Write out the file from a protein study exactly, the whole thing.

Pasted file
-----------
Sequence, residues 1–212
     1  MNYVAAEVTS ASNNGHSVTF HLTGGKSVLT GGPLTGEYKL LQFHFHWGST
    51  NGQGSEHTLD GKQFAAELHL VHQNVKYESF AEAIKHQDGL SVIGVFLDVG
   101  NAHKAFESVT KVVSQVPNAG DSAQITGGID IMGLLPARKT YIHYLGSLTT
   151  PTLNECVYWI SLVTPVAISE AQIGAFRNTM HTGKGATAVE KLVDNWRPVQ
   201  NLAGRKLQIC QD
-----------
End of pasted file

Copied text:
Sequence, residues 1–212
     1  MNYVAAEVTS ASNNGHSVTF HLTGGKSVLT GGPLTGEYKL LQFHFHWGST
    51  NGQGSEHTLD GKQFAAELHL VHQNVKYESF AEAIKHQDGL SVIGVFLDVG
   101  NAHKAFESVT KVVSQVPNAG DSAQITGGID IMGLLPARKT YIHYLGSLTT
   151  PTLNECVYWI SLVTPVAISE AQIGAFRNTM HTGKGATAVE KLVDNWRPVQ
   201  NLAGRKLQIC QD